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'Historical Summary of Events in the Persian Gulf Shaikhdoms and the Sultanate of Muscat and Oman, 1928-1953: Appendices, Genealogical Tables' [‎139r] (64/142)

The record is made up of 1 volume (65 folios). It was created in c 1953. It was written in English. The original is part of the British Library: India Office The department of the British Government to which the Government of India reported between 1858 and 1947. The successor to the Court of Directors. Records and Private Papers.

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261
The limit for exchange transactions shall be in accordance with the limit
laid down in Article 5, but the amount of Rupees 100,000 shall be cumulative
for two months, that is to say, if the Kuwait Government required no amount
during a previous month, they are entitled to purchase up to Rupees 200,000.
On behalf of the Imperial Bank of Iran. Shaikh of Kuwait.
(Sd.> E. S. MATHESON, (Sd.) AHMED AL JABIR.
Duly accredited Representative of the (Signature of Shaikh of Kuwait)
Imperial Bank of Iran.
In the presence of
In the presence of (Sd.) R. E. R. BIRD,
(Sd.) R. E. R. BIRD, Political Agent A mid-ranking political representative (equivalent to a Consul) from the diplomatic corps of the Government of India or one of its subordinate provincial governments, in charge of a Political Agency. , Kuwait.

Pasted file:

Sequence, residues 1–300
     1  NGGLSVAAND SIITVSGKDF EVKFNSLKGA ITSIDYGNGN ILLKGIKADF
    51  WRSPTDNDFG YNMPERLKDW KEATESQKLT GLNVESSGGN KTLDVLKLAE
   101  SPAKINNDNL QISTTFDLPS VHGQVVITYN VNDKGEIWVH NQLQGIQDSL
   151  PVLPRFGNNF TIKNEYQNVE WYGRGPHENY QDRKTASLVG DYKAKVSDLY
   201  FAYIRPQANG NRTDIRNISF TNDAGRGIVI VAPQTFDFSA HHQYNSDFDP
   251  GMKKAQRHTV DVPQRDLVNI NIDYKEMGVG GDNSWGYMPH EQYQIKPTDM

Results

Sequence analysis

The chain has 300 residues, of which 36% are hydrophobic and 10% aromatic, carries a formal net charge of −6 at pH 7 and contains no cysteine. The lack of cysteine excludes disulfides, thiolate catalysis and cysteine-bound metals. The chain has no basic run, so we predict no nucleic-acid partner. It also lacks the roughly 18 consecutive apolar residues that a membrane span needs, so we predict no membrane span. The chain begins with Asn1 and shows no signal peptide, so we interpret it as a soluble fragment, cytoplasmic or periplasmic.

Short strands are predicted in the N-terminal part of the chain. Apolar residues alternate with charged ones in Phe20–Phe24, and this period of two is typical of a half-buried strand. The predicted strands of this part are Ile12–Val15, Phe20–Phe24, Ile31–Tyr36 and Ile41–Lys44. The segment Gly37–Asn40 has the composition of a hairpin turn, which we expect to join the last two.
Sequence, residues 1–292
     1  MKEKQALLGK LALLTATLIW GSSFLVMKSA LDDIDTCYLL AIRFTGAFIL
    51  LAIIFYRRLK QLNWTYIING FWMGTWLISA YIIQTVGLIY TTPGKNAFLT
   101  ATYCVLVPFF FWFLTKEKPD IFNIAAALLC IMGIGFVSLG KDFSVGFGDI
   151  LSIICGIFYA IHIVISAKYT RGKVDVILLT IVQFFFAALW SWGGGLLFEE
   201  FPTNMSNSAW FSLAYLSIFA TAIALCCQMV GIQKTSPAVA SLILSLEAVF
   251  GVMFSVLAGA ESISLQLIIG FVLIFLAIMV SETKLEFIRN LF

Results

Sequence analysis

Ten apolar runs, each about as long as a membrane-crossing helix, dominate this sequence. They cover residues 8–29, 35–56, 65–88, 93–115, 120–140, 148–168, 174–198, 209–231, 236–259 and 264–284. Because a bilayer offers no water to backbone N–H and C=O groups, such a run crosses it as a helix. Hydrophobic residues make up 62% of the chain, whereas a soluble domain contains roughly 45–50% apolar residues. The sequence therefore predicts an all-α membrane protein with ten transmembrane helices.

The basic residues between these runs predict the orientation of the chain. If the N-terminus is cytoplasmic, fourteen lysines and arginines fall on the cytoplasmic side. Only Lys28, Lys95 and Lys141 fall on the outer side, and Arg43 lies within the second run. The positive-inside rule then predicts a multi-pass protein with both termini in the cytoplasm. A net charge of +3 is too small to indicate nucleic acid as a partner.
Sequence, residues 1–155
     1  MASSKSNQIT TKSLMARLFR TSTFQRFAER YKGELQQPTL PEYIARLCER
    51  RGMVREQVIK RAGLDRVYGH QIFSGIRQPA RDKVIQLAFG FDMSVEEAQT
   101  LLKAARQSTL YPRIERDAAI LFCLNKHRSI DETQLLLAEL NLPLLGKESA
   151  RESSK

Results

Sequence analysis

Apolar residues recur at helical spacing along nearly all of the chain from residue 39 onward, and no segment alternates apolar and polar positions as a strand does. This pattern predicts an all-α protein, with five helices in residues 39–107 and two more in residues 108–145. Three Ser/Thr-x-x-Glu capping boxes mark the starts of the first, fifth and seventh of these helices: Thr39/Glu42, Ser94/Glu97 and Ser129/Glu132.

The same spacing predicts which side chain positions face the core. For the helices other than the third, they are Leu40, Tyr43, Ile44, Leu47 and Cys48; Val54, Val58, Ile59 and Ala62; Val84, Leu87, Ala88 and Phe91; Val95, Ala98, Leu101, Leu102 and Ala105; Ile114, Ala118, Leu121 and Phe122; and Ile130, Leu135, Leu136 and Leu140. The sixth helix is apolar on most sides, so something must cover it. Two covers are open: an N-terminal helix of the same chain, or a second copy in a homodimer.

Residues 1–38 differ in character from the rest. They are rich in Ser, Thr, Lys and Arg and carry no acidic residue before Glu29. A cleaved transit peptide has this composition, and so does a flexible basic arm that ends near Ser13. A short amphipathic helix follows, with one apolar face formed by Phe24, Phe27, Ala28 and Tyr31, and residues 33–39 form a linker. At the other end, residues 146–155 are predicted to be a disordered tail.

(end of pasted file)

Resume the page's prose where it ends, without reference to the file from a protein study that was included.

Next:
Political Agent A mid-ranking political representative (equivalent to a Consul) from the diplomatic corps of the Government of India or one of its subordinate provincial governments, in charge of a Political Agency. , Kuwait.
APPENDIX P
(Paragraph 201)
Minute on Postal Arrangements between Kuwait and Iraq, dated March 5 1953
The arrangements outlined in General Post Office letter (Ref. 70145/46/57)
of 13th December, 1952, were discussed between his Excellency Abdul Baqi
Abdullah and Colonel E. W. Wood in Bagdad. The following is a summary of
the conclusions reached : —
General: The detailed working arrangements are to be as simple as possible.
Postage Rates: There will be no practical difficulty in the exchange of
correspondence charged at the " inland " rates of the countries of origin. (Iraq
will advise the General Post Office of her rates when notifying formal acceptance
of the proposals.)
Terminal Charges: Each administration will accept parcels from the other
for delivery within Kuwait or Iraq as the case may be without raising terminal
charges.
Mails—Documentation: Mails will continue to be documented as at present
(parcels to be listed individually) but they will be excluded from international
statistics.
Letter Mails—Make Up: Each administration will make up direct bags or
labelled bundles for independent addresses within the other's postal territory.
Changes in circulation arrangements from time to time will be arranged between
the offices of the Director-General P. & T. Iraq and the Postal Superintendent,
Persian Gulf Historically used by the British to refer to the sea area between the Arabian Peninsula and Iran. Often referred to as The Gulf or the Arabian Gulf. Postal Agencies, Bahrain.
Registered Items—Compensation for Loss, &c.: Each administration will